The archaeological area "Quattro Dossi" represents one of the most important protohistoric sites in Valle Camonica (BS). Discovered in the 1950s, and excavated in 1962 (dir. E. Anati), the small hill of Dos dell'Arca is the southernmost and the most well-known of the four rocky hills comprising the whole site. The excavations carried out in 1962 at Dos dell'Arca revealed evidence of the first human frequentation in the area, dating back to the Late Neolithic / Early Copper Age, as well as later phases of stable human presence in Middle-Late Bronze Age - the "Terramare" culture- and in the Late Iron Age, displaying cultural features of key importance to the alpine area of Lombardy. At this site 11 rock surfaces with prehistoric engravings were also documented. The engraved figures date to two main periods: the Late Neolithic/Chalcolithic and the Iron Age, and are of great iconographic interest, especially considering three of them were found below archaeological context. Thanks to a survey project carried out from 2015 to 2017 by the University of Pavia in collaboration with Soprintendenza Archeologia della Lombardia, several new engraved rocks have been discovered in the "Quattro Dossi" area. This paper presents the new findings in Dos dell'Arca, amounting to a total of 24 new engraved rocks, all located around the perimeter of the previous excavations. Of these rocks, three are fully documented: n. 24 - sector A displays scenes of major interest to the iconography of the Irn Age, with a peculiar depiction of a single-pillared hut, animals, warriors and horsemen carrying shields, spears and swords, while in sector B there is a geometric configuration of lines and shapes generally believed to be "topographical" and dated to the Late Neolithic or Early Copper Age. Rock 28, datable to the Iron Age, shows a huge anthropomorphic figure with arms held high and what appears to be a helmet, below two figures of palette, a symbol often related to funerary practices, while Rock 33 only presents geometric elements, abstract motifs usually dated to Late Neolithic/Early Copper Age.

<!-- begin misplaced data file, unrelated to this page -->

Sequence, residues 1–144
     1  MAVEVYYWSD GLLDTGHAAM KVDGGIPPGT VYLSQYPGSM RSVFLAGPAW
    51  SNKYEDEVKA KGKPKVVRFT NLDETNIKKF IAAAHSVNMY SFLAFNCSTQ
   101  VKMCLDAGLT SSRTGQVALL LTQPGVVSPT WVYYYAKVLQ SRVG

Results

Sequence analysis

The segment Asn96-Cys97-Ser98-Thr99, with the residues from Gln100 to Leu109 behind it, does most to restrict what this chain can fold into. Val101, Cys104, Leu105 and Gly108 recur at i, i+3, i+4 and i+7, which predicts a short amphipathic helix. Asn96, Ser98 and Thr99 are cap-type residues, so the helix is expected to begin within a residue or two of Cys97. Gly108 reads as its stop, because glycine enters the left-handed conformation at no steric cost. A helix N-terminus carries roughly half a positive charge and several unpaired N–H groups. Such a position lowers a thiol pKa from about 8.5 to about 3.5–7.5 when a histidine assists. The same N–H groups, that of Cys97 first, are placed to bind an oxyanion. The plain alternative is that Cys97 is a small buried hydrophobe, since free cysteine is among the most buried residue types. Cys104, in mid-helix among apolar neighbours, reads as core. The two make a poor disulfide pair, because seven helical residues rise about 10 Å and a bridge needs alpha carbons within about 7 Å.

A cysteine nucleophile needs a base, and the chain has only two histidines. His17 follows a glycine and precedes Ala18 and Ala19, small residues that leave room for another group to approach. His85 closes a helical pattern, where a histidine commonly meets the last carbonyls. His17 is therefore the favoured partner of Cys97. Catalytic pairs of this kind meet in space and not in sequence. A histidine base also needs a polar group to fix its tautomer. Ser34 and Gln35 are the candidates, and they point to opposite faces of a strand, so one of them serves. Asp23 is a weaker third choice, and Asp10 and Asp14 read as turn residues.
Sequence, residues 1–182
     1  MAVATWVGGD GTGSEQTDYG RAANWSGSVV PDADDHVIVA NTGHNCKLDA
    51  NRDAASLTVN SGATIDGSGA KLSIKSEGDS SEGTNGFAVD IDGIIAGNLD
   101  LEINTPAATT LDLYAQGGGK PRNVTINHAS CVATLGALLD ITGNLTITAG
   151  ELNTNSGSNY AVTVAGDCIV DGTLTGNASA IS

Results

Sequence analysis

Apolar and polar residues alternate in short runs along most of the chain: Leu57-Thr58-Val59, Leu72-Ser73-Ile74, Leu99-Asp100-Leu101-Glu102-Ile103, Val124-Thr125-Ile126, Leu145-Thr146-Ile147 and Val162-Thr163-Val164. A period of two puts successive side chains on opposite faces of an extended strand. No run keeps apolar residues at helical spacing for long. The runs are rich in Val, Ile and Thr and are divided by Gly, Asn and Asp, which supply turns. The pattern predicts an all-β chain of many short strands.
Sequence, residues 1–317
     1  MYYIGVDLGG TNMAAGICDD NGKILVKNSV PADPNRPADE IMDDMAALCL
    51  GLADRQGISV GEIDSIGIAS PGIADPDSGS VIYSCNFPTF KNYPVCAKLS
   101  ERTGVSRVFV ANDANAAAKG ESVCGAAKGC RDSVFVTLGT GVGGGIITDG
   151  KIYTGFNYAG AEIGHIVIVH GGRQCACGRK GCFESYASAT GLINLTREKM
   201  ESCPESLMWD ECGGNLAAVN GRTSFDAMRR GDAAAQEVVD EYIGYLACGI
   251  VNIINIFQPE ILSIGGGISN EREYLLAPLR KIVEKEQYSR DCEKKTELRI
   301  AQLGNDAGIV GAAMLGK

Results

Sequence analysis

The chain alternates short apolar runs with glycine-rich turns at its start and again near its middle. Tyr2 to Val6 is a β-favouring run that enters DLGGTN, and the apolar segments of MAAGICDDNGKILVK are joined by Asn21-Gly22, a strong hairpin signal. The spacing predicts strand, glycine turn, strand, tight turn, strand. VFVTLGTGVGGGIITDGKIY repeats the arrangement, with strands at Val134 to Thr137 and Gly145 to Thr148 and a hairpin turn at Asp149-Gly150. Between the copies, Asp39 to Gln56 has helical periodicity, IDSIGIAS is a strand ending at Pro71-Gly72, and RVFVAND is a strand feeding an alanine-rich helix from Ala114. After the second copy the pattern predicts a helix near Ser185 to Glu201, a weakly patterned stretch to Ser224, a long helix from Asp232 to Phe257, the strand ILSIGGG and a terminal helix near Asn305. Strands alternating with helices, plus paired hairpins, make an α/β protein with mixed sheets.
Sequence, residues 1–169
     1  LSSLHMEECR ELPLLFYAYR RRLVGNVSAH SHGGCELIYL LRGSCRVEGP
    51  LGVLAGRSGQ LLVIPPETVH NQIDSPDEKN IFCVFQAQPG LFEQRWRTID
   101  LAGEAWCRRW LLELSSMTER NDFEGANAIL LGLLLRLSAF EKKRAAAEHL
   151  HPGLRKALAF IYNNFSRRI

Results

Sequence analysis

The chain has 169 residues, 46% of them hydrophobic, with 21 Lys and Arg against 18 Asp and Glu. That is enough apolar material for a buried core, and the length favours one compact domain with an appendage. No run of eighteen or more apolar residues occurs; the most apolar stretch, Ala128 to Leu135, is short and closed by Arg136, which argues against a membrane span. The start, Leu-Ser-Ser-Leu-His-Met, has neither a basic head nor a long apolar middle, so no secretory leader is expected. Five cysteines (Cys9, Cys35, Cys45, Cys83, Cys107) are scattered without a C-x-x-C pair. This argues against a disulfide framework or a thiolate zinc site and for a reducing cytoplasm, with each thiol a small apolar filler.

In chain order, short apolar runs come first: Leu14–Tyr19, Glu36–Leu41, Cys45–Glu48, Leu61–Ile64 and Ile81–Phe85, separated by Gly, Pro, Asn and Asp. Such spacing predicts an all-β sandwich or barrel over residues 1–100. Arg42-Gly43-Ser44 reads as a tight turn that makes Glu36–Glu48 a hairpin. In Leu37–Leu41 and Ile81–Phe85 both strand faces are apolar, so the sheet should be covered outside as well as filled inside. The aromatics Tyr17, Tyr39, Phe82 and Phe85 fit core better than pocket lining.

Nuove ricerche archeologiche a Capo di Ponte (Valle Camonica, BS): Dos dell'Arca e l'area dei "Quattro Dossi".

Paolo Rondini
;
Alberto Marretta
;
2018

Abstract

The archaeological area "Quattro Dossi" represents one of the most important protohistoric sites in Valle Camonica (BS). Discovered in the 1950s, and excavated in 1962 (dir. E. Anati), the small hill of Dos dell'Arca is the southernmost and the most well-known of the four rocky hills comprising the whole site. The excavations carried out in 1962 at Dos dell'Arca revealed evidence of the first human frequentation in the area, dating back to the Late Neolithic / Early Copper Age, as well as later phases of stable human presence in Middle-Late Bronze Age - the "Terramare" culture- and in the Late Iron Age, displaying cultural features of key importance to the alpine area of Lombardy. At this site 11 rock surfaces with prehistoric engravings were also documented. The engraved figures date to two main periods: the Late Neolithic/Chalcolithic and the Iron Age, and are of great iconographic interest, especially considering three of them were found below archaeological context. Thanks to a survey project carried out from 2015 to 2017 by the University of Pavia in collaboration with Soprintendenza Archeologia della Lombardia, several new engraved rocks have been discovered in the "Quattro Dossi" area. This paper presents the new findings in Dos dell'Arca, amounting to a total of 24 new engraved rocks, all located around the perimeter of the previous excavations. Of these rocks, three are fully documented: n. 24 - sector A displays scenes of major interest to the iconography of the Irn Age, with a peculiar depiction of a single-pillared hut, animals, warriors and horsemen carrying shields, spears and swords, while in sector B there is a geometric configuration of lines and shapes generally believed to be "topographical" and dated to the Late Neolithic or Early Copper Age. Rock 28, datable to the Iron Age, shows a huge anthropomorphic figure with arms held high and what appears to be a helmet, below two figures of palette, a symbol often related to funerary practices, while Rock 33 only presents geometric elements, abstract motifs usually dated to Late Neolithic/Early Copper Age.
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Utilizza questo identificativo per citare o creare un link a questo documento: http://hdl.handle.net/11571/1459613
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